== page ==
It was a brave man who arrived at the dog-poo-brown doors of Flindt Towers at 8.15am the other day – completely unannounced.
Hazel, being a proper farmer, had been up for hours, cooking huge breakfasts, feeding sheep, walking dogs, checking to see if the hay was fit to cut, finishing off the VAT for May, doing three loads of washing and restocking the fridge (all three children are home at the moment).
For my part, I had arduously enjoyed a huge breakfast, whined a lot about how much pain I was in, and was bravely settling back down in my comfy chair for my favourite part of the post-op routine: enjoying the Jeremy Kyle Show.
See also: Read more of Charlie Flindt’s columns
It looked like being a particularly good episode (“Your love-child ran off with my step-grandmother’s benefit book after she slept with her drug dealer’s boyfriend’s transgender social worker and you can’t prove I’m not the father!”) so you can guess that I was less than thrilled to hear all the dogs going ballistic at the back door.
Gucci smoking jacket
Two things about our visitor told me that he was entitled to be there: the first was that, by the time I had hobbled out, the dogs had downgraded their reaction from red to yellow (always a sign that a guest has self-confidence), and the second was that he was wearing an old and somewhat faded Rural Payment Agency sweatshirt.
“Good morning,” he said cheerily. “I’m from the Rural Payment Agency. I’m here to do a ‘rapid field visit’.”
“You’d better come in, then,” I said, my mind filling with images of the next five days being suddenly and unwelcomely dedicated to arguing over square meters of Hampshire.
The dogs decided to switch from amber alert to slobbery welcome, so I made my apologies and sneaked off to get out of my Gucci smoking jacket and into something more suitable.
By the time I made it back from my dressing room in the west wing, the RPA man and Hazel were poring over maps on the kitchen table, and there was good news: the visit should be short and sweet.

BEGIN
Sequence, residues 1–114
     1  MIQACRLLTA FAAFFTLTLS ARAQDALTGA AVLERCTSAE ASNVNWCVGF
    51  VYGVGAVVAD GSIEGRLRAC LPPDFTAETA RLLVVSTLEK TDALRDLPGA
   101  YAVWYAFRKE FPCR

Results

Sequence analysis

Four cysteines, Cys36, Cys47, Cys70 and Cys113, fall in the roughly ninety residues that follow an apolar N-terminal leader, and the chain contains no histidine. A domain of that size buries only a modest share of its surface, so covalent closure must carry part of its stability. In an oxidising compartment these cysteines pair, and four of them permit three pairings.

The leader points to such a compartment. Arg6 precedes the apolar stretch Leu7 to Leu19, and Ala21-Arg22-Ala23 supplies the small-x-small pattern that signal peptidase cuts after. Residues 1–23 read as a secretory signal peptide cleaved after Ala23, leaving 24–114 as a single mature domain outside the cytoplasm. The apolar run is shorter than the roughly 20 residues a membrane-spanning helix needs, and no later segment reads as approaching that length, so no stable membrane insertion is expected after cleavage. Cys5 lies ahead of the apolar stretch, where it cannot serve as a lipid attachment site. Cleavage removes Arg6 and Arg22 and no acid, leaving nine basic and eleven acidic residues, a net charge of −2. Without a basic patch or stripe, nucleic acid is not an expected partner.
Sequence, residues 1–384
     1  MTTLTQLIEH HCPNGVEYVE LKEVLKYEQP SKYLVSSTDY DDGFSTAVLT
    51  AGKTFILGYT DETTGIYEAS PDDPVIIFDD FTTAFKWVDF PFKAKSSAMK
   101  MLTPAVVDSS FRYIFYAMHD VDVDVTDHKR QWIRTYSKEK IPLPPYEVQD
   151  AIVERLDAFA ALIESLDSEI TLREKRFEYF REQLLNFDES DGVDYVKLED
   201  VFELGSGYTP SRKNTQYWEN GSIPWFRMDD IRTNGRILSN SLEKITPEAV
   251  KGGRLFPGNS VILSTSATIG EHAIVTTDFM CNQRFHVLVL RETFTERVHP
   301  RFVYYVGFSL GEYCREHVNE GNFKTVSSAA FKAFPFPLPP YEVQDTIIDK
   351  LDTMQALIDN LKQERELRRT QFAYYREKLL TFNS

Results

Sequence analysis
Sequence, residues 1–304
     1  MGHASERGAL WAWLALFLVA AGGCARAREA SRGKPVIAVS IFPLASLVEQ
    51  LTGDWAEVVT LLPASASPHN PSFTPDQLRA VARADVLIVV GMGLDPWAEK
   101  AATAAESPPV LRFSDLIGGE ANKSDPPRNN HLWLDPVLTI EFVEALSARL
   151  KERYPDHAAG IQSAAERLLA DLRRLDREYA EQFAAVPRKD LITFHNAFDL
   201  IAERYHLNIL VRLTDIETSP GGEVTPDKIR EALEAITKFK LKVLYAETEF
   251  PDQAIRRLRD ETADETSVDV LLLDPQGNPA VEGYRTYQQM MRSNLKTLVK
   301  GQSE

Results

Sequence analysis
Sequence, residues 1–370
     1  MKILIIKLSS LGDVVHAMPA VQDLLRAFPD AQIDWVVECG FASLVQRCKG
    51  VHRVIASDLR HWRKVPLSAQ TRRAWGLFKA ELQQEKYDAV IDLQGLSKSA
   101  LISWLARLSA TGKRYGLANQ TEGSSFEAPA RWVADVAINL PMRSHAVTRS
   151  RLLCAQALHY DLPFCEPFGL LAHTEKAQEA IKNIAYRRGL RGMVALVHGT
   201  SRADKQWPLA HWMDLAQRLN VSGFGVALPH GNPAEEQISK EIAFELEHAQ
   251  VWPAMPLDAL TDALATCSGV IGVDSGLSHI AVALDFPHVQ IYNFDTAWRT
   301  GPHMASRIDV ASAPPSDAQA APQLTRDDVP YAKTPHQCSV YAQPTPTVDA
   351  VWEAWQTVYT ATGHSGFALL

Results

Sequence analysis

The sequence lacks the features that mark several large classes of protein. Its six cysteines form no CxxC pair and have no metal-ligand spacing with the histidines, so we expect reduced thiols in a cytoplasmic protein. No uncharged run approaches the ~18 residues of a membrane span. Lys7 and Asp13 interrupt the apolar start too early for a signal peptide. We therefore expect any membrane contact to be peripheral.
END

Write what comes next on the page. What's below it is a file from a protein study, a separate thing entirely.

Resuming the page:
His mission was simply to visually check what was growing in the fields.
The last time the eye-in-the-sky had been over for a look in early May, much of the countryside was unsown, and the authorities needed to confirm the contents of fields that had been submitted as fallow strips alongside spring crops.
Hazel as chauffeur
Mercifully, no measuring would be needed. Just a knowledgeable eye cast over the now-green barley and beans, and the brown strips where the wild bird cover lay gasping for a drop of water.
His list of fields wasn’t exhaustive, and unfortunately contained parcels at the far extremities of the farm. Would it really be fair to send him out on his own into parts of the parish where many fear to tread? Some say people have two heads near the Kilmeston border.
The poor fellow might get trapped in an interminable conversation about house prices and school fees with a neighbour.
There was only one thing for it: I volunteered Hazel (who, let’s face it, had done diddly-squat all day) to drive him around the farm, and despatched the three of them (the Mallinois had by now fallen in love with RPA man) in the truck.
My work was done, so I retired to the comfy chair once again, just in time to catch Loose Women – daytime telly at its finest: a whole hour of ladies of a certain vintage slagging off men as complete bastards.
Where on earth do they get that idea?